Home » Mark Bittman’s Creamy Curried Celery Root Soup – Vegetarian Style

Mark Bittman’s Creamy Curried Celery Root Soup – Vegetarian Style

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My husband, Jeremy, has been following Mark Bittman for some time. Bittman is a food writer for the New York Times. He also creates a cooking show podcast called, The Minimalist. We enjoy taking a break to watch these brief and informative shows.

We came across a video for this recipe a few weeks ago and I vowed to make it. The star was a root vegetable, celery root or celeriac, that I had never used before. As you might have read on Thursday’s post, we found our celery root at the Saturday Farmer’s Market. Score!

If you haven’t watched his podcast, The Minimalist, I highly recommend you do. Click here to watch the episode where he makes this soup. Watching this not only inspired me to buy celery root but also to fulfill a goal to use more unfamiliar spices.

His videos are wonderful and always inspiring. The recipes shown contain 5 to 10 ingredients and keeping with the minimalist mantra take at the most 5 minutes to watch. Jeremy and I enjoy watching Mark create something that may seem complex in a very short time frame. The secret to that is two fold: video editing and a prepped recipe.

Prepping a recipe means reading it, envisioning what you have to do and laying out your prepared ingredients. If the recipe calls for a chopped onion – chop it, etc. Completing this will ensure you have all the required ingredients before you start and find yourself missing something vital half way through the recipe. What? That would never happen, right? 😉

It’s happened to me. I never used to see the value in having all the ingredients ready to go, like in a cooking show, but after practicing if for awhile I found it pays off and saves time.

I started by cutting around the celery root with my kitchen knife to take off the skin and roots. Due to the root crevices there are areas where you’ll want to cut off 1/4″ thick or so. The texture of the peeled celery root is amazing! It is silky smooth. Even though I thought it looked like a jicama or a potato it felt very similar to a peeled diakon radish. I forgot to try a raw piece. Bummer!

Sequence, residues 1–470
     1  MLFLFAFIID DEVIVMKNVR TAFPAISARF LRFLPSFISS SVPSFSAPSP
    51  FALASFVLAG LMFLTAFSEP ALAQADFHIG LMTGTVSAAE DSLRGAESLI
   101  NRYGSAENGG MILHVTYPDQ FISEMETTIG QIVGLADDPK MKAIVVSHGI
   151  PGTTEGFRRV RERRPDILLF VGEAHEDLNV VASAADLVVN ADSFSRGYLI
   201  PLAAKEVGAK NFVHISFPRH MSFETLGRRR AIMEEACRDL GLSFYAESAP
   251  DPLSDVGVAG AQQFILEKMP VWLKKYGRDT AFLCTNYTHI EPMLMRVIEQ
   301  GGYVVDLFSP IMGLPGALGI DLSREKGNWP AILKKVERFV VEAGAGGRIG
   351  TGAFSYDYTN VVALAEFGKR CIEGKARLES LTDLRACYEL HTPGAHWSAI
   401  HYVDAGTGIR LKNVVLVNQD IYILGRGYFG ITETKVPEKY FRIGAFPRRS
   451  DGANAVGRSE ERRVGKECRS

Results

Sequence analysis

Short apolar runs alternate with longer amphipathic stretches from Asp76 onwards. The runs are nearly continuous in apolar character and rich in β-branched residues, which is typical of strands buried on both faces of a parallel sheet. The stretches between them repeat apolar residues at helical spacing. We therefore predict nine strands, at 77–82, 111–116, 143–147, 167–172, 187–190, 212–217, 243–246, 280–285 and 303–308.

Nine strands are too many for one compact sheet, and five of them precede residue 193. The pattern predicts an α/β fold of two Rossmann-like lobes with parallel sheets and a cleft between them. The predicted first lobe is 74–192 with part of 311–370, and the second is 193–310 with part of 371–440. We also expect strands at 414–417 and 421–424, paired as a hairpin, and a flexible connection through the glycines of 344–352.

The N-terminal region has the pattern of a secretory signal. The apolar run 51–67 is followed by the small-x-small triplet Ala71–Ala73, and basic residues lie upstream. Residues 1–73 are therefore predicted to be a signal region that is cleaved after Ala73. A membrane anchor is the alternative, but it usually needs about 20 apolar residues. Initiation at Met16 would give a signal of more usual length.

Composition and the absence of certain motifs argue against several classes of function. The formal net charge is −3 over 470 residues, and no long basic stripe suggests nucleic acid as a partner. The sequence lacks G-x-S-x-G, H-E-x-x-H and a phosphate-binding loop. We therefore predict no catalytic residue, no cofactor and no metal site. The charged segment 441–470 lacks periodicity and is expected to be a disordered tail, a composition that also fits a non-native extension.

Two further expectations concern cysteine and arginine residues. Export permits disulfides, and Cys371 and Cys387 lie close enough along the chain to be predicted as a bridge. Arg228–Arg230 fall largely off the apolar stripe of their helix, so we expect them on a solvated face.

Mark Bittman’s Creamy Curried Celery Root Soup – Vegetarian Style


    • 4 tablespoons (1/2 stick) butter (for vegan use coconut oil)
    • 1 medium onion, chopped
    • 4 garlic cloves, minced
    • 1 teaspoon ginger, minced (not in original recipe)
    • 1 tablespoon curry powder
    • 2 teaspoons ground cumin
    • Salt and black pepper
    • 1 1/2 pounds celery root, peeled and cut into 1- to 2-inch chunks (I have no idea how much ours weighed, I just know it was HUGE and probably around or over 8 cups)
    • 6 cups chicken or vegetable stock or water (I used 3 cups almond milk + 3 cups water)
    • 1/2 to 1 cup cream, half-and-half, or milk, or to taste (skipped this)
    • 1/4 cup chopped fresh cilantro or parsley for garnish


    1. Taken from The Minimalist Source: The New York Times
    2. Put the butter or coconut oil in a large, deep pot over medium-high heat. When it’s melted, add the onion and garlic and cook until they begin to soften, 3 to 5 minutes. Add the curry powder and cumin and a sprinkle of salt and pepper and cook, stirring, for 1 minute.
    3. Add the celery root and stir just to coat it in the spices, then add the stock and bring the mixture to a boil. Lower the heat so that the stock bubbles gently and cook, stirring occasionally, until the celery root is fully tender, 15 to 20 minutes more.
    4. Cool the mixture slightly, pour into a blender, and purée carefully, or use an immersion blender to purée the soup in the pan. Return the soup to the pan and stir in the cream; reheat if necessary. Taste and adjust the seasoning, and serve garnished with the herb.

    It turned out delicious and so creamy!

    I was super relieved after subbing in water and almond milk, but they were perfect.

    This would be fun to try as a blended raw soup. Mostly because it would cut down on the cooking time and preserve more of the nutrients. Either way, it’s a tasty whole foods plant based dish. I hope you try it.

    What new vegetables have you tried this week? You know mine, I would love to hear yours.


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